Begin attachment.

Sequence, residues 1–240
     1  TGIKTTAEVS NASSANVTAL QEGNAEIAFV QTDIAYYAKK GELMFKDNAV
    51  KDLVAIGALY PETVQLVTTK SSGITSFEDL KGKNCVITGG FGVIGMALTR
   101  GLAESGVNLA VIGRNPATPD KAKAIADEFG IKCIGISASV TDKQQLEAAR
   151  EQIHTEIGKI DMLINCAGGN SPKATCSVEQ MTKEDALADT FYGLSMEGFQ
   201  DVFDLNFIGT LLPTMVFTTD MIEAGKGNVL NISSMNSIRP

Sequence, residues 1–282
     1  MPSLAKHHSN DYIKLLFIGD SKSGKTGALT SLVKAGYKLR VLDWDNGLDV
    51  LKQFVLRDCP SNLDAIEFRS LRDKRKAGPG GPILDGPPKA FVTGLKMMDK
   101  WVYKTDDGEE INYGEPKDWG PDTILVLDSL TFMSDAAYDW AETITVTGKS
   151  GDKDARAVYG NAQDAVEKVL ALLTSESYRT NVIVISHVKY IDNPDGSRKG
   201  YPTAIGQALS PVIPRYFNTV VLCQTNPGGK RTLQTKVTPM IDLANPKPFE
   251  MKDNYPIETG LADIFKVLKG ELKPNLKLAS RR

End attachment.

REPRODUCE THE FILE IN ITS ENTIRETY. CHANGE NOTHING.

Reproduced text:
Sequence, residues 1–240
     1  TGIKTTAEVS NASSANVTAL QEGNAEIAFV QTDIAYYAKK GELMFKDNAV
    51  KDLVAIGALY PETVQLVTTK SSGITSFEDL KGKNCVITGG FGVIGMALTR
   101  GLAESGVNLA VIGRNPATPD KAKAIADEFG IKCIGISASV TDKQQLEAAR
   151  EQIHTEIGKI DMLINCAGGN SPKATCSVEQ MTKEDALADT FYGLSMEGFQ
   201  DVFDLNFIGT LLPTMVFTTD MIEAGKGNVL NISSMNSIRP

Sequence, residues 1–282
     1  MPSLAKHHSN DYIKLLFIGD SKSGKTGALT SLVKAGYKLR VLDWDNGLDV
    51  LKQFVLRDCP SNLDAIEFRS LRDKRKAGPG GPILDGPPKA FVTGLKMMDK
   101  WVYKTDDGEE INYGEPKDWG PDTILVLDSL TFMSDAAYDW AETITVTGKS
   151  GDKDARAVYG NAQDAVEKVL ALLTSESYRT NVIVISHVKY IDNPDGSRKG
   201  YPTAIGQALS PVIPRYFNTV VLCQTNPGGK RTLQTKVTPM IDLANPKPFE
   251  MKDNYPIETG LADIFKVLKG ELKPNLKLAS RR